Obama on Islamophobia in the State of the Union: How did Americans react?

popup-bg-img

Question: What was the most popular moment on Facebook during Tuesday night’s State of the Union address?

Answer: When President Obama talked about Islamophobia.

In speaking about America’s leadership in the world, the president said:

And that’s why we need to reject any politics — any politics — that targets people because of race or religion. Let me just say this. This is not a matter of political correctness. This is a matter of understanding just what it is that makes us strong. The world respects us not just for our arsenal; it respects us for our diversity, and our openness, and the way we respect every faith. His Holiness, Pope Francis, told this body from the very spot that I’m standing on tonight that “to imitate the hatred and violence of tyrants and murderers is the best way to take their place.” When politicians insult Muslims, whether abroad or our fellow citizens, when a mosque is vandalized, or a kid is called names, that doesn’t make us safer. That’s not telling it like it is. It’s just wrong. It diminishes us in the eyes of the world. It makes it harder to achieve our goals. It betrays who we are as a country.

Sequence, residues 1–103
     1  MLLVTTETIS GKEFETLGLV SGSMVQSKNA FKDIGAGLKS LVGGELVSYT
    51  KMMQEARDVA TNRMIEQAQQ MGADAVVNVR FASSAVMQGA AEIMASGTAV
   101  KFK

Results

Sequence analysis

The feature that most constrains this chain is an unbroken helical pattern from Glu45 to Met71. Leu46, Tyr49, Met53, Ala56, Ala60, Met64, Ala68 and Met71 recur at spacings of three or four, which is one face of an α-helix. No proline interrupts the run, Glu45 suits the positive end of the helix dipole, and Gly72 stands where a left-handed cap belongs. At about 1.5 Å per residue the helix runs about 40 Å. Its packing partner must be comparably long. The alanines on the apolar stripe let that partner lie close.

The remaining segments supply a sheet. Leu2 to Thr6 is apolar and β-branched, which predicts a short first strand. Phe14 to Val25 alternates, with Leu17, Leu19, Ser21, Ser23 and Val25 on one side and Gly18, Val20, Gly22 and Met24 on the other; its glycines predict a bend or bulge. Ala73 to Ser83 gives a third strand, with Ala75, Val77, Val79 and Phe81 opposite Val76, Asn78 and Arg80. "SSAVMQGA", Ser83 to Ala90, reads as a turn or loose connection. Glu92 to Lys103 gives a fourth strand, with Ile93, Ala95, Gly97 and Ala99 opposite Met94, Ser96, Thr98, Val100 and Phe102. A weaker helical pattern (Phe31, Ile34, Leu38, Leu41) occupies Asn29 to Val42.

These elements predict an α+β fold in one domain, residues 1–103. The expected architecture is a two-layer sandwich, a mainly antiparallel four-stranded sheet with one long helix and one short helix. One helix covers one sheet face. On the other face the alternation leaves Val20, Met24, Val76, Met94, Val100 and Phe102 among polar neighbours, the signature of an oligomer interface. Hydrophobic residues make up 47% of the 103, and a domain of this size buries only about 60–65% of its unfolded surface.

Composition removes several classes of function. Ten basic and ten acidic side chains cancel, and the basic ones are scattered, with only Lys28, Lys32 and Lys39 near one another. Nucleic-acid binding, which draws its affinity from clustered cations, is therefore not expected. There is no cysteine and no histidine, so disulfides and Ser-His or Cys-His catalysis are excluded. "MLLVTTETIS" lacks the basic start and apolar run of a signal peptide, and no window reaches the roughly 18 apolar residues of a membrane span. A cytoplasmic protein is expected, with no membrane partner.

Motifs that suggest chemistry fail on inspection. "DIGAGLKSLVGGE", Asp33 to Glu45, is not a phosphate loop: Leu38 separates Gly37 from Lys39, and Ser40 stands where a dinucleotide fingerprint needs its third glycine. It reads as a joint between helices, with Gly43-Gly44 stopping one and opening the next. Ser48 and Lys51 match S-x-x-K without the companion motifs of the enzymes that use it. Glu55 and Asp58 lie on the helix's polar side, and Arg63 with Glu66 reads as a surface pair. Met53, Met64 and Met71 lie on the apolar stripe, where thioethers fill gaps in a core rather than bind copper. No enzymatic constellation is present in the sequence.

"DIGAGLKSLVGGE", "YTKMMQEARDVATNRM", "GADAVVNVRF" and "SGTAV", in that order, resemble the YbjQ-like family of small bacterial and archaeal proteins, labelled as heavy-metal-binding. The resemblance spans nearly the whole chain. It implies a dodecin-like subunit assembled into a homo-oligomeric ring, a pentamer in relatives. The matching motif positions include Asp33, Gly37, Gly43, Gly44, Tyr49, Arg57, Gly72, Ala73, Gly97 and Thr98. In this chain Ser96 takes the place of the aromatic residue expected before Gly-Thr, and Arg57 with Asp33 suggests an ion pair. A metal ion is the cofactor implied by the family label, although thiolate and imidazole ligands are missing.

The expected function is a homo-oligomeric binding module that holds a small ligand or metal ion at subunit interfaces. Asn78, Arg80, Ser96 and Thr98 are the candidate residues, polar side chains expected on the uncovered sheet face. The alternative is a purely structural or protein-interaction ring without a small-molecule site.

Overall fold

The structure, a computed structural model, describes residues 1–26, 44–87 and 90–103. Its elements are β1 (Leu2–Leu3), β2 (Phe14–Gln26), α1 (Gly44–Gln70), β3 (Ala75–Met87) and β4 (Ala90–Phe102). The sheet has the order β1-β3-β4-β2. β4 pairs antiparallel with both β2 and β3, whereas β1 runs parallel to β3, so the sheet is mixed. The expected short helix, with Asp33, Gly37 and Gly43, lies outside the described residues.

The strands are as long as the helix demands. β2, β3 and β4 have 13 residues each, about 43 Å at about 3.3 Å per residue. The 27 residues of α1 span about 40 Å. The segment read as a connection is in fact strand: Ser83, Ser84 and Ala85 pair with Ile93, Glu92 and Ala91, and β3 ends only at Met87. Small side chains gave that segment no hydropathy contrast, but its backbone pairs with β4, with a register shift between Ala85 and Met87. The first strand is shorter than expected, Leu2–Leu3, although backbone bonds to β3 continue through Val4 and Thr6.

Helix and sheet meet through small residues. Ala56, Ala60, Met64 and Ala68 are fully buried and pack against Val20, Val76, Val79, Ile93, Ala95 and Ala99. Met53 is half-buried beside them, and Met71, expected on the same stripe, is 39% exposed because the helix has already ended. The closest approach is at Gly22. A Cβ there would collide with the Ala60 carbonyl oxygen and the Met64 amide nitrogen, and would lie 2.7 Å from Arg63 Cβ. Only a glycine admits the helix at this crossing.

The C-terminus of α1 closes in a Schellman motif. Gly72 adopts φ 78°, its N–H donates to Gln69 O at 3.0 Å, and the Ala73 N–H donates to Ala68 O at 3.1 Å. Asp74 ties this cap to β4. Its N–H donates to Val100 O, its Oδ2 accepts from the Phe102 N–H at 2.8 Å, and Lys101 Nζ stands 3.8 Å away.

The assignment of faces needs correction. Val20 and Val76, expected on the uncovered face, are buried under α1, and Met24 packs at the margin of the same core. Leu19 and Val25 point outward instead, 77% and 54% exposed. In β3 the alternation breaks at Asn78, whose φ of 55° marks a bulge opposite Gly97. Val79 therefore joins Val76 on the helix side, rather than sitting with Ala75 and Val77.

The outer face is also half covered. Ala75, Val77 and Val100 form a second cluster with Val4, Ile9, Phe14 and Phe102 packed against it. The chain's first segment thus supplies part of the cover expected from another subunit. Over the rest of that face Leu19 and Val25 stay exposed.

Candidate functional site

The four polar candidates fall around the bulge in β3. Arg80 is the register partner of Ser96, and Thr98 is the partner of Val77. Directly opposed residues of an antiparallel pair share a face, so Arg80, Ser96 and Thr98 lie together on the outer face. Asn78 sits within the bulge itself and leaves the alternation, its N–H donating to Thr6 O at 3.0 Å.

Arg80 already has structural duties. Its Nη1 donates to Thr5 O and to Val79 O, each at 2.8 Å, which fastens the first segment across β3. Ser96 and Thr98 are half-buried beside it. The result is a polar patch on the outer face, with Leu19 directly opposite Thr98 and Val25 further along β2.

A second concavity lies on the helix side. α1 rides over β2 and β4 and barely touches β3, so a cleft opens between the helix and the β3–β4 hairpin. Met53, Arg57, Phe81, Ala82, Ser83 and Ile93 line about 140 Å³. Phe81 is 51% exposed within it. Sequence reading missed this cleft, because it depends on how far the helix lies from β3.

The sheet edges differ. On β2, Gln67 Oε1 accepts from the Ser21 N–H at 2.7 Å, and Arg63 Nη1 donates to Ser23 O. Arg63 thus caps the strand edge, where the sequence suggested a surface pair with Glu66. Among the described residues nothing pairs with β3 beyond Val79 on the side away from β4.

His statement generated much attention on Twitter, too, where Americans from diverse communities thanked the President for calling out Islamophobia.

Fellow political leaders endorsed his remarks.

But some of those vying for the GOP nomination had different thoughts.

Todd Green, a professor at Luther college and author of the book, The Fear of Islam, praised Obama’s remarks, but wished he’d used the word Islamophobia to describe the prejudice and discrimination Muslims face.

Some were concerned that House Speaker Paul Ryan and other politicians didn’t clap after Obama started talking specifically about Muslims.

In the day following Obama’s address, an article from the conservative website Breitbart calling the president’s comments “absurd” went viral on social media. Ignoring the evidence of rising anti-Muslim discrimination in the U.S., it cast Muslims as a unique threat to America.

This moment was a mere 200 words couched in an hour-long speech. But the various reactions it sparked show the degree to which Muslims and Islam factor into charged election-season climates, and are politicized even amidst calls to avoid prejudice and treat them with dignity and respect.

TAGS: , , ,